[Sherman Oaks:]: Livre d'Art by D'Ambrosio, 1995. One of fifty copies printed letterpress on Lana Royal Classic paper. Signed on the title-page by D'Ambrosio. Printed letterpress in black and purple with woodcut backgrounds in various colors, several pages with embossed margins. A fine copy. Trapezoidal shape binding in quarter blue morocco and mirrored panel boards, housed with the original trapezoidal two-part display stand and cover with further mirrored paneling. Octavo. x], 45,  pp. 12 pp booklet in pocket at rear. Item #15685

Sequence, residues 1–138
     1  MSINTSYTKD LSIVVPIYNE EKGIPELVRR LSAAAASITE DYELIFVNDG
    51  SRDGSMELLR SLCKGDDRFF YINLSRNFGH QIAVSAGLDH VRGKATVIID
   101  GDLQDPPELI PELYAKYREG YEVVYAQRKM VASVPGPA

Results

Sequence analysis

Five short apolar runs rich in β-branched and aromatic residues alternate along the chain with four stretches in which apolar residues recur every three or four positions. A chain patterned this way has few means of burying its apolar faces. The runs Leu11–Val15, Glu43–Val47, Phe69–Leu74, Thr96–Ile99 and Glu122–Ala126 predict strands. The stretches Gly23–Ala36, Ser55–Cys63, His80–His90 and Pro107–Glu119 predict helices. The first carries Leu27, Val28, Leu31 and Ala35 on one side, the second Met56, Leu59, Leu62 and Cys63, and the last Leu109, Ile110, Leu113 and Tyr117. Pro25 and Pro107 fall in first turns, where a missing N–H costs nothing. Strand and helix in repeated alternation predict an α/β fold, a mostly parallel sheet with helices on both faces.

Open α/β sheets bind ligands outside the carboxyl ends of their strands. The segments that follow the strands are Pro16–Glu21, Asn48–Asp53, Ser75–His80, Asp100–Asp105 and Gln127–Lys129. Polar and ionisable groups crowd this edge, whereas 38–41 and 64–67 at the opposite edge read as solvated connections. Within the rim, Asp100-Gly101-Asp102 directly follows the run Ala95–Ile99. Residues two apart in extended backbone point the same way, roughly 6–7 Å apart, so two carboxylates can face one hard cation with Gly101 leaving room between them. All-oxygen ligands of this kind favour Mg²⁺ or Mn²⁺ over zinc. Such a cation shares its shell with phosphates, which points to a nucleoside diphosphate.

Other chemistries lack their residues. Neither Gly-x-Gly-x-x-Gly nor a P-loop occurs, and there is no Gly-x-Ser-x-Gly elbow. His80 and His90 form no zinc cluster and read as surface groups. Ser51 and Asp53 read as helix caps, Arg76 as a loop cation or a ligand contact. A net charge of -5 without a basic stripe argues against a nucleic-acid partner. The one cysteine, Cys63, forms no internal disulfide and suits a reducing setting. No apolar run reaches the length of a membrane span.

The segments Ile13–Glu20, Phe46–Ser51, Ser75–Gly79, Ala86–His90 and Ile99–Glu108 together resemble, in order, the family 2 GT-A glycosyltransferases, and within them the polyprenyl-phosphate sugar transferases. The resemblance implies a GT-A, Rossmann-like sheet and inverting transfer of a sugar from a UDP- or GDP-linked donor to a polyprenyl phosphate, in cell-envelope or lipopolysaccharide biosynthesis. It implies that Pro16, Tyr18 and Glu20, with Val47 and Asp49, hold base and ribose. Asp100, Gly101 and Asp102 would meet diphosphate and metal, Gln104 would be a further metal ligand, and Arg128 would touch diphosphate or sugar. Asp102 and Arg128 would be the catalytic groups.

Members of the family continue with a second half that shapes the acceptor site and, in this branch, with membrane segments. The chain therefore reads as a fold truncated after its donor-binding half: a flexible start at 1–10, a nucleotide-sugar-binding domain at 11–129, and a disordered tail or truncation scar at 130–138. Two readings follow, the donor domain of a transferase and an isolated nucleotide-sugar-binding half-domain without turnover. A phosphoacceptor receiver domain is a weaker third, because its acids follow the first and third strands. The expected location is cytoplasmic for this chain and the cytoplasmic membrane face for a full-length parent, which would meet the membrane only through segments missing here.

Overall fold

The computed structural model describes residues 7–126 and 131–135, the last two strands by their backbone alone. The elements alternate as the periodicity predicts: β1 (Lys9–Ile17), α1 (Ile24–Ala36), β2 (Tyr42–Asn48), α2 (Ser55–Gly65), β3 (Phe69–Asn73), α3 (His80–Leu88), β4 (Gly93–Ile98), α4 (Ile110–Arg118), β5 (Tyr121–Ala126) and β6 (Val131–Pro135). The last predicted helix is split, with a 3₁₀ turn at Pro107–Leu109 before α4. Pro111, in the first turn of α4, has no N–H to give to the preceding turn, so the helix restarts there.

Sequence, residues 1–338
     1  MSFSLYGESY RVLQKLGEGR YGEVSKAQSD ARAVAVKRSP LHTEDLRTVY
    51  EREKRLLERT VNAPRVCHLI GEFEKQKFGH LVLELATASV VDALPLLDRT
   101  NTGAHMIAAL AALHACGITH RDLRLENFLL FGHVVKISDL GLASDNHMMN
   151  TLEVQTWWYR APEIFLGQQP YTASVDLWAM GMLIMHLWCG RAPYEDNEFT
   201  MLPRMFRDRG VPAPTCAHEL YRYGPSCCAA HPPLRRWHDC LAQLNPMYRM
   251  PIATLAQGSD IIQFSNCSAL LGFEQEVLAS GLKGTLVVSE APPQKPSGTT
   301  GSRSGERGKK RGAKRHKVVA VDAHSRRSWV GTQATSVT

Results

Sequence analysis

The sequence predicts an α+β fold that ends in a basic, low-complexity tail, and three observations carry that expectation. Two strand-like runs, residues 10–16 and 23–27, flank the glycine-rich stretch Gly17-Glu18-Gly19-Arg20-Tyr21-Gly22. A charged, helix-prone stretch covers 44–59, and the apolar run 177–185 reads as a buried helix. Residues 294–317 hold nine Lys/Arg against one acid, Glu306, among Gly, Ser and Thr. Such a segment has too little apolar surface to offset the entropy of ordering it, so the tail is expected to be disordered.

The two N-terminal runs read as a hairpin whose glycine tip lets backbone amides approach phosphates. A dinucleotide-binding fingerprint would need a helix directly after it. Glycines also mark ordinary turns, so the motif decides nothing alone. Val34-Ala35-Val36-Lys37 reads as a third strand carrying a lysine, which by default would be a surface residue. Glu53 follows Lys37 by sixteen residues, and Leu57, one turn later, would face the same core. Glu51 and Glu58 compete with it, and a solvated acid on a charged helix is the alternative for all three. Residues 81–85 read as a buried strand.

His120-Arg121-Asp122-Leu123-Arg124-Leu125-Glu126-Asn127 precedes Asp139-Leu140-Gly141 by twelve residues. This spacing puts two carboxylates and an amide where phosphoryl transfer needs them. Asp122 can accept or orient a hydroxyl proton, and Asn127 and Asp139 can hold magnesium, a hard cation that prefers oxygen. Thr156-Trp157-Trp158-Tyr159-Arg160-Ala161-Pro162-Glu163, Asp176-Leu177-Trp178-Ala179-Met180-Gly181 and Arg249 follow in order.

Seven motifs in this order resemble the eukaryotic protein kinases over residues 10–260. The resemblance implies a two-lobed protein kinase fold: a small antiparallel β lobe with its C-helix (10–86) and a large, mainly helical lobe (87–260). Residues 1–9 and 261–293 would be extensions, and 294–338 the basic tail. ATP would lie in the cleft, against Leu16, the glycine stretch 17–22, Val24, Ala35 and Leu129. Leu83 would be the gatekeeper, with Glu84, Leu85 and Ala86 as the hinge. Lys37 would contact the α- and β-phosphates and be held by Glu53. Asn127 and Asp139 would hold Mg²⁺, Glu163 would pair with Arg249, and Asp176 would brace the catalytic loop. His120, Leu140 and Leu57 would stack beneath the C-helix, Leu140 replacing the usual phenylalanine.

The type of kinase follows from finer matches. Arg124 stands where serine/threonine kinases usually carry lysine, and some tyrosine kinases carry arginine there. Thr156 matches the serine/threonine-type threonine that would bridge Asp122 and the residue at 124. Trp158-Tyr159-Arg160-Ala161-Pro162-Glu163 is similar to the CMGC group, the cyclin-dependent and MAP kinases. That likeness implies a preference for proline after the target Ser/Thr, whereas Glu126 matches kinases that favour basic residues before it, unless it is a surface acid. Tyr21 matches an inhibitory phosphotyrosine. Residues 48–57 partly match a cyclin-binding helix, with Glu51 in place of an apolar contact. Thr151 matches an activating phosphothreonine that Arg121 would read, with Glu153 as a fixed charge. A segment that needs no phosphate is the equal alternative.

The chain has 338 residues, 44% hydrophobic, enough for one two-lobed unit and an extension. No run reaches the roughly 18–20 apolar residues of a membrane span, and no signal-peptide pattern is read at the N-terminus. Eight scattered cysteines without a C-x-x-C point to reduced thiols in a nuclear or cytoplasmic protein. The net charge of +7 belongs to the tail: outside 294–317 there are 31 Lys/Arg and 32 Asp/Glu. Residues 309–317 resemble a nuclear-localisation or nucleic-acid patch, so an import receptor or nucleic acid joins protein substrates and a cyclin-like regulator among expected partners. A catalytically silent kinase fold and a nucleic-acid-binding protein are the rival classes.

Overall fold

"Based on the Danish astronomer Tycho Brahe's discovery of what later would be termed a supernova—Al Aaraaf (a star that arose upon the night in a brilliant flash, stayed for a short while, and then disappeared), Edgar Allan Poe created this metaphysical communication of fleeting beauty. In it he juggles time and space between reality and fantasy. I had no recourse but to do the same. However, I did start with a basic premise, which is that when one passes a mirror, one can see one's image and the surrounding scene. Once past the mirror, one disappears from the view but the reflection of the surrounding scene continues: a visual presentation of the term 'evanescence.' During the period of the Danish astronomer Tycho Brahe (1546-1601), all heavenly bodies were given Arabic names. The structure of the book, therefore, had to evoke that background, along with the spirit of a beautiful thing arising and then passing forever from view. Hence, I created a mirrored polybhedron with unintellible but real script that evokes Arabic writing (but not Arabic) banding its throat…" (Joseph D'Ambrosio in A Memoir of Book Design 1969-2000).